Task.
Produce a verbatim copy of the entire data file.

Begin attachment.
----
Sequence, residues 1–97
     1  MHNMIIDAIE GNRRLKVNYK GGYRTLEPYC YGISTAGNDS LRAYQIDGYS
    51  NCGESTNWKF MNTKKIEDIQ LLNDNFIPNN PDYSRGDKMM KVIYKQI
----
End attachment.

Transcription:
Sequence, residues 1–97
     1  MHNMIIDAIE GNRRLKVNYK GGYRTLEPYC YGISTAGNDS LRAYQIDGYS
    51  NCGESTNWKF MNTKKIEDIQ LLNDNFIPNN PDYSRGDKMM KVIYKQI